Author: Oxford Architectural & Historical SocietyPublish On: 1840
Vether Broughton and Over Broughton have both late towers of Perpendicular
work . A little further on we have ... Abbaye de St . Wandrille - - One in the centre tower , of immense height , stone , thirteenth century . Lillebonne parish church ...
As the minimal aesthetic gain to be obtained from later insertion of plain stone
dressings into an existing plastered tower arch would hardly seem to justify the
difficulties of what would be an awkward structural undertaking – still less , the ...
Author: Stephen Hart
Category: Architecture, Anglo-Saxon
During the preparation of this book, Stephen Hart visited all 181 known round tower churches in England, all but five of which are located in East Anglia, mostly in Norfolk. These churches are characterised by a western tower attached to the body of the church which may well have been used primarily for bells, although a whole range of other uses have been suggested for them. Hart's straightforward guide to this striking feature of the East Anglian landscape discusses the features of the buildings, the use of flint, their date (ranging from the Saxon and Norman periods to 19th-century restorations), their features and doors. Much of the book comprises an illustrated gazetter of examples. A glossary and a full list are also included.
A Descriptive and Historical Account of the Town and Gold Field of Charters Towers, Queensland, with Full and ... 4 level , here for the first time mentioned ,
has been driven in all up to date , 9 ft .; there is , at present , 6 ft . of stone in this
Author: Society of Antiquaries of ScotlandPublish On: 1862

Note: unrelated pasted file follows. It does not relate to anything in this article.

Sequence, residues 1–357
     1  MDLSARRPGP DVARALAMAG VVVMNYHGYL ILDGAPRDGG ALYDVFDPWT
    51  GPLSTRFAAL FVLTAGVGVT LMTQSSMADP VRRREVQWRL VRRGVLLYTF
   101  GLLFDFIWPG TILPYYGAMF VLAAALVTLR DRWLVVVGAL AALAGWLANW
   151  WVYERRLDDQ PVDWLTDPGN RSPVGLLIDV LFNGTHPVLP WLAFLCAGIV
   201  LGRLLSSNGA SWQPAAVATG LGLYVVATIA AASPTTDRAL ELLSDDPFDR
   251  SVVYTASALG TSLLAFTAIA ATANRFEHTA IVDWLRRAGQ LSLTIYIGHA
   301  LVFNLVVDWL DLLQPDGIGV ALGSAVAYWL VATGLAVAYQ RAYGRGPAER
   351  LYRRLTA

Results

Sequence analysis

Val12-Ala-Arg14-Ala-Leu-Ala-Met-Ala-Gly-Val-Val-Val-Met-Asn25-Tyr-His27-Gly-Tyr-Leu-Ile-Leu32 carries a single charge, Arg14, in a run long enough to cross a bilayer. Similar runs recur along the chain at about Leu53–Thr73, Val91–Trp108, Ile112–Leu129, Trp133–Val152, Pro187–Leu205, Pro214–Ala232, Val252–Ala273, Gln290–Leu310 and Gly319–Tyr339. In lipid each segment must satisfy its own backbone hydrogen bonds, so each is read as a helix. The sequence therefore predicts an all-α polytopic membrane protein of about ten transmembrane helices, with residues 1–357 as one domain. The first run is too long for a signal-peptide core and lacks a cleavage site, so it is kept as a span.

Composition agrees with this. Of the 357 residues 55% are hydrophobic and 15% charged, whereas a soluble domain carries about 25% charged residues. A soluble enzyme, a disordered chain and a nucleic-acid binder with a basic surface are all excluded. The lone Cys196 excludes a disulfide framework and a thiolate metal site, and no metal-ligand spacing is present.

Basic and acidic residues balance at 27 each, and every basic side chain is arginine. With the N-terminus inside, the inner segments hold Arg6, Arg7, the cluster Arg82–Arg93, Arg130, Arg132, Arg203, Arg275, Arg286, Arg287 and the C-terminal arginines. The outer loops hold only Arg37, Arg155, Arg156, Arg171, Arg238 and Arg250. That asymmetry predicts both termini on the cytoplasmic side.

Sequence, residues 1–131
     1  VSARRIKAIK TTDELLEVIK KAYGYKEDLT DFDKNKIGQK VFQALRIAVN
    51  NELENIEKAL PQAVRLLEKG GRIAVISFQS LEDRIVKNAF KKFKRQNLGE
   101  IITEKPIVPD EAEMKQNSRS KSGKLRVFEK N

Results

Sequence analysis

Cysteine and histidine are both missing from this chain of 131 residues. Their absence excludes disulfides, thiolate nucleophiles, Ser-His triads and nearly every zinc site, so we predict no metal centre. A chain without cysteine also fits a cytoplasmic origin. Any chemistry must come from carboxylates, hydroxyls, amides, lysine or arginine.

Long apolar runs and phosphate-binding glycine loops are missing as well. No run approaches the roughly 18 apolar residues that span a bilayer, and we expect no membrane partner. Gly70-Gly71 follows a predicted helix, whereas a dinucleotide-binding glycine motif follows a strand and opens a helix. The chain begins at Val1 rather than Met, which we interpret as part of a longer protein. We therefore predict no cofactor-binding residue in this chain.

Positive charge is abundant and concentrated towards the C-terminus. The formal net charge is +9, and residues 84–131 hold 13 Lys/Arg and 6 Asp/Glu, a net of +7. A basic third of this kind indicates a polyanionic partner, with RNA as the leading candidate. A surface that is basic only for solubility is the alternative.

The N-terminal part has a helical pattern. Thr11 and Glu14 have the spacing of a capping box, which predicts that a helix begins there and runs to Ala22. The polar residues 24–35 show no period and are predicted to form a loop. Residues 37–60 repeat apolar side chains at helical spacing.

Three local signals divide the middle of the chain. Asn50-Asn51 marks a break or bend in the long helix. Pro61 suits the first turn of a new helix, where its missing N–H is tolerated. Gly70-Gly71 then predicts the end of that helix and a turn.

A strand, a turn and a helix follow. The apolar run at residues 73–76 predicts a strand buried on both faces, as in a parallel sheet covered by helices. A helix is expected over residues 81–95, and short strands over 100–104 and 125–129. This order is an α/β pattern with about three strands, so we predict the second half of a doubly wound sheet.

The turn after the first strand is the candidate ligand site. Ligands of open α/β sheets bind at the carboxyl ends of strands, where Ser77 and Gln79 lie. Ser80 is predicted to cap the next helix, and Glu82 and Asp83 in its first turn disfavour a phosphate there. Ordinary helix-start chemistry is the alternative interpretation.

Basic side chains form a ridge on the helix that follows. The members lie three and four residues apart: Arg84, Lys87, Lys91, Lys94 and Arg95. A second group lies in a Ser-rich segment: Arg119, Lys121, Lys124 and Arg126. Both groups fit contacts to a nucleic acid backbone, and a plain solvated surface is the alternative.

Of semicircular - headed doorways cut out of a single stone , we have examples
in the round towers of Glendalough , Co. Wicklow ; Killree , Co. Kilkenny ; Armoy ,
Co. Antrim . The heads of all these are thorough ; but I know of no instance ...
Author: William Fullerton (Architect.)Publish On: 1890
Towers , spires , and turrets ; examples of the junction of spires with towers . ...
octagon continuing down to the base ; a form is shown where an octagon belfry
springs from a circular tower finished with short spire ; also tower finished with stone ...
Buttress : stone structure built against a wall to provide lateral support . In this
context either set back , angle , set forward or diagonal . Canopy : upper part of a tower consisting of parapet merlons and pinnacles . Crocket : decoration , usually
During the first seven years the torical evidence as to their origin and uses , and I
in their stone - walled and stone - roofed towers . annual rate of mortality never
descended to the fearlessly assert that up to the present we have Indeed , it is ...
The Gate - house , built by Archbishop Morton about 1490 , consists of an
embattled centre and two immense square towers , of fine red brick with stone
dressings , and a spacious Tudor arched gateway and postern . The towers are
Author: James Dunning Baker GribblePublish On: 1896
Capacious towers of large hewn stone were at every hundred yards much
neglected and many fallen in the ditch. The curtain was of great height perhaps
forty feet from the benne of the ditch entirely built of huge stones strongly
cemented and ...
Author: British Archaeological AssociationPublish On: 1888
The shape of these round towers seems to be entirely a case of necessity . It
would have been next to impossible to construct them of any other shape but that
of a circle without the use of stone to form the quoins ; and , from the careful and ...